As the summer progressed they made the trek over to the deserted beach on the west coast of the island. Veronica went with Larry in the boat, while Nancy and Dorothy took a donkey with the supplies. Here they slept on the beach and lived a life of almost mythic simplicity: they were woken in the mornings by the shepherd and shepherdess who wound their way down the hillside with their flocks; they danced naked on the edge of the sea, drew patterns in the sand and sat round a fire in the evenings, while Larry brought the Greek myths to life and sketched out the germ of his idea for the multi-layered novel he was planning to write. His conversation was intoxicating and seductive, but in spite of the rumors that grew up around their presence on the island Veronica was adamant that there had been not a hint of sexual engagement between them. And through all this Nancy seemed kindly and practical, but reserved and always a little remote. Veronica and I talked on. What had that summer been like for my mother, she wanted to know. "Well," I said, "she had felt excluded, a little left out. It was an uncomfortable time for her." "Yes," Veronica replied, recognizing the truth of this at once. "I always wondered." They had admired the way she coped; they thought she and Larry complemented each other and were well suited, but then she added, apparently contradicting herself, she had felt the presence of the two women that summer had acted as a safety valve. Still, she said, they had never felt they knew her at all.

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What about the trip that she and Nancy made to Athens in October, after Dorothy had returned to London, I asked. In one of his letters to Henry, Larry describes being alone in Kalami while "Nancy and V are somewhere in Athens, bless them, probably celebrating their escape from the tyrant." In Athens, surely she and Nancy got to know each other a little more, but Veronica was perplexed. She remembered Larry being with them, even when in Athens. I have puzzled over this anomaly, and two possibilities occur to me: either they made two trips to Athens, one with Larry and one without, or else the memory of his personality was so indelibly printed on that whole summer that it had become impossible to imagine him not being there. The inconsistency is salutary, I think, though at first I was keen to iron it out. Nancy never mentioned the trip to Athens, but somewhere between the written evidence and the vivid personal memories the events of that summer fracture and shimmer, forever out of reach. So many versions, so many stories, flow from those simple summer days.

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Nancy's memory of those months was less rosy. She bore no ill will towards the two dancers. In fact, she and Veronica met up again after the war and might have become friends except that Veronica was moving to Northern Ireland and they lost touch. Nancy's verdict was typically understated: "1938 wasn't a good summer for me. Larry was being very pesky. He loved having a flock of young girls. It was wonderful for him to dance about pretending to be Pan, dancing naked on the beach. And Veronica did the most wonderful acrobatics." When they slept under the stars on the western beach he placed himself between the two girls, with Nancy kept at a distance. In the circumstances, pesky seems quite mild.

As we talked on, Veronica indicated that she had in fact been aware that all was not well between husband and wife. She asked me if Nancy's childhood had been unhappy, saying she had got the impression that she'd had negative experiences in the east of England. Yes, I told her. Her family was not happy. I thought so, said Veronica, and repeated what she remembered of Larry's opinion: "Just the kind of depressed Englishness I can't stand" had been his take on the emotional baggage Nancy was still carrying from her childhood. When Veronica saw them again, in London the following winter, she noted how Nancy was relegated to the role of skivvy, preparing meals and clearing up while the literary men and the unattached young women enjoyed the talk and the laughter. Being a canny young woman, Veronica decided the life of a literary wife was not for her--a chilling echo of Nancy's reaction to the faded and depressed artists' wives she had encountered during her time as an object of desire at art school. Now, although her financial independence made some difference, she was in danger of sliding into that dismal situation herself.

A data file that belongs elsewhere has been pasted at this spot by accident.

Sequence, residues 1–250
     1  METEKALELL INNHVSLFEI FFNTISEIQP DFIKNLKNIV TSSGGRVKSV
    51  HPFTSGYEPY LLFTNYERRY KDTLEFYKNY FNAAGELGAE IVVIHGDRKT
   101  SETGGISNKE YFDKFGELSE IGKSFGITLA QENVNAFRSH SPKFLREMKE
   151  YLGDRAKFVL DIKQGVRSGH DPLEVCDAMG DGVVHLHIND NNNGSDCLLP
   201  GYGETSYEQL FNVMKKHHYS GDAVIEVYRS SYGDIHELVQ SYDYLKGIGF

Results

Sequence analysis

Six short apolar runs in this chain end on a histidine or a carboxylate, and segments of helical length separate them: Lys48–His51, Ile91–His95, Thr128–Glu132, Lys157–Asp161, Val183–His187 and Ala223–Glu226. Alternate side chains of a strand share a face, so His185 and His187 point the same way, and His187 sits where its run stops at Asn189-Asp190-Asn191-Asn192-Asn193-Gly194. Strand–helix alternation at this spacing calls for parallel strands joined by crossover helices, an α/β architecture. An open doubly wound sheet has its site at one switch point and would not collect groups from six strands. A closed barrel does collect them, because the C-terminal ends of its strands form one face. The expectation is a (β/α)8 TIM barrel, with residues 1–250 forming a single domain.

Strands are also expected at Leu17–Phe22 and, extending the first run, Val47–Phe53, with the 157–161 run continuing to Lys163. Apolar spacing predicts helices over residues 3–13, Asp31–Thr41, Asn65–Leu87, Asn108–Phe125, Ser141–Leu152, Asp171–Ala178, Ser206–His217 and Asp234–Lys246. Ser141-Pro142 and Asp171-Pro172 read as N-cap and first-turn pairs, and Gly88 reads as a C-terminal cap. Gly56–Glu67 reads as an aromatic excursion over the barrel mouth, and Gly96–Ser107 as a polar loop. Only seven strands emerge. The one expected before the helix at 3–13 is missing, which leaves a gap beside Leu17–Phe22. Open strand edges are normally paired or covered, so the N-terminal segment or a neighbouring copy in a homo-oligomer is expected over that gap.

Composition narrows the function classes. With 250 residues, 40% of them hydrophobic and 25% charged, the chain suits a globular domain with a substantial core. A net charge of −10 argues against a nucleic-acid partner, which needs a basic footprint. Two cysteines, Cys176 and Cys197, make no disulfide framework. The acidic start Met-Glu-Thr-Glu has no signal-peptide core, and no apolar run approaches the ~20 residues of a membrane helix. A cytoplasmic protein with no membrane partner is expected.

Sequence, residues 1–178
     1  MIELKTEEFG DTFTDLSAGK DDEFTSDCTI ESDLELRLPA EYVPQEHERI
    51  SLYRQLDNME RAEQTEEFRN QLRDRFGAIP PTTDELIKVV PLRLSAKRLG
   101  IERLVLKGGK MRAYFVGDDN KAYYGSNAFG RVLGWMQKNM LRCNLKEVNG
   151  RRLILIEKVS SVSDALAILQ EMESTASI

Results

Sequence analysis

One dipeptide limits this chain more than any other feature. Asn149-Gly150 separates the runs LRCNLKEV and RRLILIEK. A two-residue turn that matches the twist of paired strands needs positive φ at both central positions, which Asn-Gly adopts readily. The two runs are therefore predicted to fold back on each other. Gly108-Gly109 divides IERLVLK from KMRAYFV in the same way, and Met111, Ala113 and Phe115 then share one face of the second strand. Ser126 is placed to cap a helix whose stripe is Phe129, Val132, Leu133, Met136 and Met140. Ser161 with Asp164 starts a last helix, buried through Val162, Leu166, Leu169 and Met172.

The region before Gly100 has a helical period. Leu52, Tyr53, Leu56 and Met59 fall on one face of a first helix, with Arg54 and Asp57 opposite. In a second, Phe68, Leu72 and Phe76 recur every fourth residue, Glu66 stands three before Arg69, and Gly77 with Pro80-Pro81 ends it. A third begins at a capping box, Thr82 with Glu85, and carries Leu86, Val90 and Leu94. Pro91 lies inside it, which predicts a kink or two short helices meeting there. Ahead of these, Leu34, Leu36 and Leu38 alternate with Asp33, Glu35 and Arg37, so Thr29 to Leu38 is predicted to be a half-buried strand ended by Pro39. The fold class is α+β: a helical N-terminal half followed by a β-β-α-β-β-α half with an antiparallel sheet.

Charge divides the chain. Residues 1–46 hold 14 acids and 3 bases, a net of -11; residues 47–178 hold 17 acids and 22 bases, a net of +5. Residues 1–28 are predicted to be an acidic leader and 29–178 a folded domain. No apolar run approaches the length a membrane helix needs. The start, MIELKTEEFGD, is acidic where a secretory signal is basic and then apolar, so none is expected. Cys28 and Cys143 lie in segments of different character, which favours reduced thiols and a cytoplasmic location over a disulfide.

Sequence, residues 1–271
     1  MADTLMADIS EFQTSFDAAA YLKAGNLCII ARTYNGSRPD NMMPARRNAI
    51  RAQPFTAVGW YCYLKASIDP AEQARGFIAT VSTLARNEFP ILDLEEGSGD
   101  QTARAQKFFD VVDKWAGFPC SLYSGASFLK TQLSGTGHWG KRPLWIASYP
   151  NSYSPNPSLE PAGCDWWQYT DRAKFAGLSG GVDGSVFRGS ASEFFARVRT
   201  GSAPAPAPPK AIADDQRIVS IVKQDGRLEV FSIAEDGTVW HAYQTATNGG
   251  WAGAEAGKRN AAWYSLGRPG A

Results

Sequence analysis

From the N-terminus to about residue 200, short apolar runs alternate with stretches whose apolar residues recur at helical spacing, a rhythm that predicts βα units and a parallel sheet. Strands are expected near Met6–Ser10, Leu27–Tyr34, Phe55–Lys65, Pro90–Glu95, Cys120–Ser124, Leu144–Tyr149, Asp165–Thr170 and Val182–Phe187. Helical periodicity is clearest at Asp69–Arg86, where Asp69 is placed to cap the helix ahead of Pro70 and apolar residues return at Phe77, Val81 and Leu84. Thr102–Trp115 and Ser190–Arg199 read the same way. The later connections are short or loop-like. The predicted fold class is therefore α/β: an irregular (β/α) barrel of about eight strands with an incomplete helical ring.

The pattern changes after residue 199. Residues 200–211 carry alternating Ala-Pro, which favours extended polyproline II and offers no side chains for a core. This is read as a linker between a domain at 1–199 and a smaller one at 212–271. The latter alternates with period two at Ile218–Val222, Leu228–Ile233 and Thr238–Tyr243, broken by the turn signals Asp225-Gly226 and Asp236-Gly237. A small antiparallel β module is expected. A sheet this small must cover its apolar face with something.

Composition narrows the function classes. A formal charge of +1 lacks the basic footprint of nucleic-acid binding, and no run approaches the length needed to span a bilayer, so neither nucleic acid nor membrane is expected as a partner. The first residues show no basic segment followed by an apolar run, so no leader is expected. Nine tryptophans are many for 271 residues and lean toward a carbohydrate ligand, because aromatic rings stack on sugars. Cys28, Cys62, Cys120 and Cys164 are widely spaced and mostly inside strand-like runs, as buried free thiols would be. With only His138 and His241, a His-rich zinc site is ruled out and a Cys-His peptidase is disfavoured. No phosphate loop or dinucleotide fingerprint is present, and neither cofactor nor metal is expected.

Then, in the autumn of 1938, as Europe hovered on the brink of catastrophe with the Munich Crisis and her relations with Larry had still not recovered from the dramas of the previous months, Nancy made one of the strangest decisions of her life: she wanted a child. Larry, not surprisingly, was baffled, as indicated in a letter to Henry: "Bored to death by uncertainty: now of course, Nancy wants to have a child, the slut ... What sort of animal vegetable mineral is a woman's mind?"

Looking back, Nancy struggled to find the answer. "We've got to the summer in Corfu after Larry's and my first winter in Paris," she wrote, "when the unhappiness of our marriage has obviously shown--had become really restrictive to me. I had made an attempt to get a temporary respite which made everything worse afterwards." As she herself wrote at this time, "there seemed to be no trust, no love" and in brackets she has added "what is love?--no loving kindness between us." And yet, not only did she remain with him, but they were still inseparable. "What kept us together?" she asks. "For if it takes two to quarrel it equally takes two to stay inseparable, as we were supposed to be--and were in fact." She was coming to regard Larry as "disloyal and traitorous, dissembling, domineering and in many other ways impossible to combine with satisfactorily," and so wondered "why then did I deliberately decide I wanted a child with him?"